Spain has nothing to gain by pushing for Gibraltar’s exclusion from the transition deal smoothing the UK’s departure from the bloc, the Deputy Chief Minister Dr Joseph Garcia has said.
He was speaking at an evening reception for the visiting cross-party group of UK parliamentarians who arrived in Gibraltar last Wednesday for a two-day working visit.
“The very notion that Gibraltar should be excluded from the transition or the future relationship agreements beggars belief.”
“This is in nobody’s interests.”
“Nobody has anything to gain by leaving Gibraltar out.”
“And many thousands of people in Gibraltar and in Spain itself have much to lose.”
Nonetheless Dr Garcia said that the Gibraltar Government remains ready to engage with Spain, as a next door neighbour, in a positive and constructive manner as we prepare to leave the European Union.
He said that there was already a degree of shared prosperity between Gibraltar and the neighbouring region of Spain, pointing to 13,000 frontier workers, the £90 million a year spent by Gibraltar residents in Spain and the £400 million a year purchased from Spanish companies by Gibraltar businesses.
There was scope for even greater shared prosperity through a fluid border which, he said, was in everybody’s interests.
He made the point that this fluidity should be extended to residents and to citizens in general, not only to workers.
He made clear that the red lines of the Gibraltar Government and of the Spanish Government are well known. However, he argued that there was space between those sets of red lines to seek positive cooperation with practical, modern solutions which do not cross any of them.
The cross-party group comprised Conservative MP Robert Goodwill , Labour Shadow Foreign Minister Liz McInnes, Liberal Democrat Brexit Spokesman Tom Brake, Labour Foreign Affairs Committee Member Mike Gapes and DUP Northern Ireland Assembly Member William Humphreys MLA.
Reflecting on recent speculation in the media, Dr Garcia said the Gibraltar Government’s red lines in relation to the airport are very clear.
The red lines of the Spanish Government are clear as well, he said.
But there is space between those sets of red lines to seek positive cooperation with practical, modern solutions which do not cross any of them, Dr Garcia told the visiting MPs.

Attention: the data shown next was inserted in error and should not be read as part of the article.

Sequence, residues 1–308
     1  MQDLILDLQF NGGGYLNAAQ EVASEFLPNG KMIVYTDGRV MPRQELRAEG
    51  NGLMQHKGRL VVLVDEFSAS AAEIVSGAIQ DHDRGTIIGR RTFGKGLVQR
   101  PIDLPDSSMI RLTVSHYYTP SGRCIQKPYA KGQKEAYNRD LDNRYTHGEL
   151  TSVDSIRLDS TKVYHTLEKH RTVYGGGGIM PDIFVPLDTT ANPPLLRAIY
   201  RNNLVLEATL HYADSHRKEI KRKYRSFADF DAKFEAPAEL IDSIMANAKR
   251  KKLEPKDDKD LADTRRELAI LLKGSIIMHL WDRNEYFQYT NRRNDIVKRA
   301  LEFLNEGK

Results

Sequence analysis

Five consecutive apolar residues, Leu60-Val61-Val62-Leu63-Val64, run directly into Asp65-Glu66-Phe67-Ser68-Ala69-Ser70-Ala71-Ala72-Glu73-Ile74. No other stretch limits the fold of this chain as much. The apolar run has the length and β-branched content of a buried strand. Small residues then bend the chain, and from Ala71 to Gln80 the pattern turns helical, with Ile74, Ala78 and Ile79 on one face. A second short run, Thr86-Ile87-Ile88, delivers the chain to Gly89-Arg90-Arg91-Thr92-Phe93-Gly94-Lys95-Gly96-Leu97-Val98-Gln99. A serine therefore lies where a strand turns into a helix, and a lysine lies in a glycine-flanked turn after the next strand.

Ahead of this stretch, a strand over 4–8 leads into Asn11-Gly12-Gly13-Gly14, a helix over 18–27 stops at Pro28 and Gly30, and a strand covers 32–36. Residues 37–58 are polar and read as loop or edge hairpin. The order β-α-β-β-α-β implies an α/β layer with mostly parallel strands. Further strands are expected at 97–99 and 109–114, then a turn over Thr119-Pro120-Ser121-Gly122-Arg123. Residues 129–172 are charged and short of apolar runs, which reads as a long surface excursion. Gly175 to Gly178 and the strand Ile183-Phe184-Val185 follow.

Flagging the Cordoba Agreement, Dr Garcia said that although there were aspects of the Agreement that the existing Governments of Gibraltar and of Spain did not like at the time when we were both in Opposition, it could still serve as the basis for a broader discussion.
“Let me make it absolutely clear that Gibraltar will not cede an inch of our sovereignty, jurisdiction and control,” he added.
“It is important to understand that this is about more than actual sovereignty.”
“The symbols and the ingredients of power are just as important.”
“You cannot separate one from the other, particularly against the background of a continuing territorial claim,” he added.
“In other words, it is a contradiction in terms to put sovereignty to one side and then seek to advance the symbols of sovereignty in the same breath.”
Dr Garcia urged the MPs to ensure that the position of Gibraltar was protected as we leave the European Union.
He said that Gibraltar has been British for more than 300 years, which is longer than the United States, Germany or Italy have existed.
“In that time, we have come of age under the broad umbrella of British values, traditions and way of life. There are some lessons that we have learnt extremely well. One such lesson is never to give in to bullies.”
“And you can rest assured that we never will.”
In response on behalf of the guests, Labour MP Mike Gapes thanked the Government for the organisation of the visit to Gibraltar and made it clear that the group had well understood the concerns that had been expressed, which they would now take back to Westminster.
He reiterated the cross-party support for Gibraltar that existed in the United Kingdom.
Pics by Johnny Bugeja